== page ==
THE BOT­TOM LINE

Street Trucks - - CONTENTS - BY KEVIN AGUILAR

THERE’S BEEN A BIG SHIFT IN THE AU­TO­MO­TIVE COM­MU­NITY, AND FULLY PAINTED VE­HI­CLES AREN’T AL­WAYS AS POP­U­LAR AS THOSE THAT ARE LEFT UN­TOUCHED. Patina trucks, or un­re­stored clas­sics, have been steal­ing the show, and oddly, it has made them more pop­u­lar than their shiny painted brethren at times. This is a strik­ing devel­op­ment in car cul­ture be­cause the gen­er­ally ac­cepted wis­dom was to keep ve­hi­cles su­per clean to pro­long their lives or pre­serve their orig­i­nal glory.

“Preser­va­tion” is the key word here, but not in the way you might ex­pect. For in­stance, there’s a “preser­va­tion class” at most Con­cours events where low-mileage, un­re­stored ve­hi­cles are cel­e­brated for their un­be­liev­able good con­di­tion. Con­cours events are the top of the mark when it comes to cars shows; they’re tra­di­tion­ally where the best of the best strut their stuff. Usu­ally, au­to­mo­tive elit­ists bring the rarest and most el­e­gant cars to Con­cours events to com­pete. Spe­cially trained judges score a ve­hi­cle based on parts be­ing “like orig­i­nal” or even bet­ter. In the past, bring­ing a non-shiny or even rusted ve­hi­cle was un­heard of, but now it’s a ma­jor spec­ta­cle. The con­cept of preser­va­tion has been turned on its head.

The the­ory is that any­one can re­store a ve­hi­cle, but find­ing an un­touched gem is the real test. When it comes to shiny ve­hi­cles, there’s usu­ally no way to tell if the owner used orig­i­nal equip­ment or re­pro­duc­tion pieces, if they’ve been re­fin­ished. Ve­hi­cles that have most of their fac­tory pieces are more ex­cit­ing than those that don’t be­cause they are harder to come by. Of­ten, un­touched dis­cov­er­ies are made in old sheds and barns where the pre­vi­ous owner parked their ve­hi­cle to pro­tect it from dam­age and cor­ro­sion, which is where the term “barn find” comes from. Most clas­sic en­thu­si­asts dream about barn finds, and find­ing one is like dis­cov­er­ing hid­den trea­sure.

Ve­hi­cles that show their age have more char­ac­ter. All of the dings, dents and rust add to a truck’s mys­tique and pay homage to its age. Any­one can re­paint or chrome parts on an old truck, but once you do so, all of its his­tory is wiped out. Restora­tion isn’t bad, but it does cre­ate a to­tally dif­fer­ent truck. I’ve seen it many times at shows where peo­ple pass by restora­tions to check out a patina ride.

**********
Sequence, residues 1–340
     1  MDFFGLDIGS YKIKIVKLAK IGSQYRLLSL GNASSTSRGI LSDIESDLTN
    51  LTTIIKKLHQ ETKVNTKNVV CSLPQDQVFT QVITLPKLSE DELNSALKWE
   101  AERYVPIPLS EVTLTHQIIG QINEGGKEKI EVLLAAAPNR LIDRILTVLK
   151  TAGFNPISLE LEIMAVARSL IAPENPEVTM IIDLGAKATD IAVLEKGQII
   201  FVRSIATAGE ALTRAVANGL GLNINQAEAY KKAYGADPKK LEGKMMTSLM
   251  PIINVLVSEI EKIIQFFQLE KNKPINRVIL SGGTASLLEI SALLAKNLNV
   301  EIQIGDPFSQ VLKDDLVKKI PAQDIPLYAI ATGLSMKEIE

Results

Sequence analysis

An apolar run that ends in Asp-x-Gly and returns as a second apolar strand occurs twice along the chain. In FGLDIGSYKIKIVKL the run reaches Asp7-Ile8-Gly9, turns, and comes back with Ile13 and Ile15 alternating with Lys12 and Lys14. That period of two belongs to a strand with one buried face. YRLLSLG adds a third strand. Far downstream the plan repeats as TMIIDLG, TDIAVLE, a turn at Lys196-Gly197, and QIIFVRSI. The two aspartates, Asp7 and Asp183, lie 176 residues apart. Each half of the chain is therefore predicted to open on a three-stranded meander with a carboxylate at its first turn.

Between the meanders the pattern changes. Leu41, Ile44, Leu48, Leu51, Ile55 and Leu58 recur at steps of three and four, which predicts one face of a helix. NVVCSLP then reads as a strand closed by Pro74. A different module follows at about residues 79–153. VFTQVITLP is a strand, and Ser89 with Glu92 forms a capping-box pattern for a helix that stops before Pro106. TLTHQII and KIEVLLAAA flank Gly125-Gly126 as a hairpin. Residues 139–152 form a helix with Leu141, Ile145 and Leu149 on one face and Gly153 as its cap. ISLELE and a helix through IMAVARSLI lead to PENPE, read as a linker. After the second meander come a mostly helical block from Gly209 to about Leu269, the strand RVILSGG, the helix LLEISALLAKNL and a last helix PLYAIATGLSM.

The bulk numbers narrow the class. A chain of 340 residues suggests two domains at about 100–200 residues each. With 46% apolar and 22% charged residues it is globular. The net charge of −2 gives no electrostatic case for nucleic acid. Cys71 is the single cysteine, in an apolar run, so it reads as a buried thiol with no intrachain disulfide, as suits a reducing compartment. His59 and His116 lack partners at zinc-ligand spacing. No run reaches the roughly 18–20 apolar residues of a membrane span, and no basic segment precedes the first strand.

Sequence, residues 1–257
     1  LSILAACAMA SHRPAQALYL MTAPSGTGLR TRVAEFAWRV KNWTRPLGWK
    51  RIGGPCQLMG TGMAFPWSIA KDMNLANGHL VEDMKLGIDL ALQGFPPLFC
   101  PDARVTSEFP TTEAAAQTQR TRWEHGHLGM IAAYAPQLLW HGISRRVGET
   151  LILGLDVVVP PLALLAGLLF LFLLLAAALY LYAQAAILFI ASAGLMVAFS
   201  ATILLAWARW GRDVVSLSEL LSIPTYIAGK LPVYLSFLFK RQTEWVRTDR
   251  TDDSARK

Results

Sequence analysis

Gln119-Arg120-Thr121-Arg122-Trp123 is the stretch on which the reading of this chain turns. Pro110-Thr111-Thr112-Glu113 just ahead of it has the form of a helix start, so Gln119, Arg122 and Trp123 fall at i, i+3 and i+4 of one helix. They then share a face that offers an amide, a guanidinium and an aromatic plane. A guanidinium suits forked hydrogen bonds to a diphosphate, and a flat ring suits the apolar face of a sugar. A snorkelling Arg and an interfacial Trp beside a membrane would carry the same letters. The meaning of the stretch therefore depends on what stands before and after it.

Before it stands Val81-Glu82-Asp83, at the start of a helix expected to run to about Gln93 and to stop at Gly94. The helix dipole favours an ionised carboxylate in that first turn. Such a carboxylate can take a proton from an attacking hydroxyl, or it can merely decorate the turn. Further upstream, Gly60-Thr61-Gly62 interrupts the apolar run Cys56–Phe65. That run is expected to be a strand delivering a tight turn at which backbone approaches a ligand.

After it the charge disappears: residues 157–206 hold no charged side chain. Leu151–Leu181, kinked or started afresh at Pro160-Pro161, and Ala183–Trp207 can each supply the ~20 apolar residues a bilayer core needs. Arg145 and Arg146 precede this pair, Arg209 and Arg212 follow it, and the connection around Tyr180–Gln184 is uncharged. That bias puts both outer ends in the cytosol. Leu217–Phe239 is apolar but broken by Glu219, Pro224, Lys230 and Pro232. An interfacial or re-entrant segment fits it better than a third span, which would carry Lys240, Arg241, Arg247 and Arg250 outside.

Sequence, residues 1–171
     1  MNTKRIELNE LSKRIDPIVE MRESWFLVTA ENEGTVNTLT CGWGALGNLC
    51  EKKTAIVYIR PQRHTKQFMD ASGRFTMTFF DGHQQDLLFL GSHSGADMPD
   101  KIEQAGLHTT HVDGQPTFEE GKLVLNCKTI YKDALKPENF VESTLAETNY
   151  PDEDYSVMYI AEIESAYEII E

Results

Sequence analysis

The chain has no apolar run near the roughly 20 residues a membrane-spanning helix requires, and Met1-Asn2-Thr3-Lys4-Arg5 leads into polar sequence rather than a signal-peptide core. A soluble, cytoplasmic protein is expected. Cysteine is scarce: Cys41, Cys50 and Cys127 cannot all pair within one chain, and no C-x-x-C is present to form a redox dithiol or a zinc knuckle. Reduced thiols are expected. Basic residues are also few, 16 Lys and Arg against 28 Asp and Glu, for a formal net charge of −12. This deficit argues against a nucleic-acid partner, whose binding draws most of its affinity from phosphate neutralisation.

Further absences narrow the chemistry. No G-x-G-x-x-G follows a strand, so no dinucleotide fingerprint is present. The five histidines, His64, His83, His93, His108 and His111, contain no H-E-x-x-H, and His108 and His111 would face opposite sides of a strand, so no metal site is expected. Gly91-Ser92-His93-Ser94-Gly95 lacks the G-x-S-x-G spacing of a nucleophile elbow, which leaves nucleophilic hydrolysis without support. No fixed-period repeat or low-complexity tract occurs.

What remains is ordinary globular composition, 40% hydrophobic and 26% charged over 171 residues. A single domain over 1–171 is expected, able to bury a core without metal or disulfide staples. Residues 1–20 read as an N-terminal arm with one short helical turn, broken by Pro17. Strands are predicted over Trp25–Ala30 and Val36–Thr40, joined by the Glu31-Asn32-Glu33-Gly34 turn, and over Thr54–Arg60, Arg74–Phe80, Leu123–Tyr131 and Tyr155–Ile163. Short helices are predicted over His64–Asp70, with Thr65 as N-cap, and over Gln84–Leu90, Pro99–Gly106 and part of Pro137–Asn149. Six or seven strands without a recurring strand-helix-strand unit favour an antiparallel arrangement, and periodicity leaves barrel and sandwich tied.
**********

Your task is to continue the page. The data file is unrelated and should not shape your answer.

All of this re­minds me of the tragedy of the sink­hole that oc­curred at the Na­tional Corvette Mu­seum in 2014. Eight rare corvettes fell into the hole and were dam­aged. It was a heart­break­ing event be­cause so many his­toric cars were de­stroyed, al­though, GM helped out and re­stored three of the eight Corvettes. Some were com­pletely gone, while oth­ers fared bet­ter, but now they’re all back on dis­play to doc­u­ment what hap­pened on that sad day. Orig­i­nally, there was de­bate about whether any of the cars should be re­stored, and there were many ad­vo­cates mak­ing a case to sal­vage and then leave them alone since the dam­age was part of their con­tin­u­ing story.

A com­pro­mise that left sev­eral of the ve­hi­cles un­touched and a few re­stored caused the mu­seum’s at­ten­dance to sky­rocket. Peo­ple wanted to see the dam­aged cars as much as they wanted to see the re­stored ’Vettes. The sto­ries be­hind the cars are a huge part of their pop­u­lar­ity.

It’s al­ways a good idea to make sure all of the me­chan­i­cal parts in a truck are work­ing cor­rectly, and if you can make im­prove­ments in that area, even bet­ter. It’s im­por­tant to have a re­li­able and trou­ble-free driv­ing ex­pe­ri­ence.

Though some are happy with an all-orig­i­nal patina ve­hi­cle, we like to cus­tom­ize. Even though we don’t keep these gems com­pletely in­tact, we do hold their orig­i­nal parts in high re­gard. Some of us would rather see a patina truck lay­ing body or whip­ping around a track rather than just parked for dis­play. I think tak­ing a truck with bat­tle scars and giv­ing it a new life is a way of ap­pre­ci­at­ing and ac­cen­tu­at­ing its beauty.

To­day, we can express our fas­ci­na­tion for patina ve­hi­cles and their rich char­ac­ter with the same level of en­thu­si­asm that we used to lav­ish on fully re­stored ver­sions. Al­though you can try, there is no way to fake patina. Try­ing to do so cre­ates a look known as “faux­tina,” and a lot of en­thu­si­asts frown on it.

Hav­ing a sur­vivor truck with a body that’s in good con­di­tion is a foun­da­tion for a unique build. Peo­ple remember patina trucks be­cause of the way they have weath­ered. It makes a lasting im­pres­sion that’s un­like any other.

PHIL GER­BER’S ’77 C-10 GRACING OUR COVER IS A GOOD EX­AM­PLE OF A SUR­VIVOR TRUCK THAT EM­BRACES ITS AGE. OF COURSE, IT WAS DEF­I­NITELY MADE COOLER WITH THE AD­DI­TION OF A HOPPED-UP EN­GINE AND AN AIRBAGGED CHAS­SIS.

Newspapers in English

Newspapers from USA

© PressReader. All rights reserved.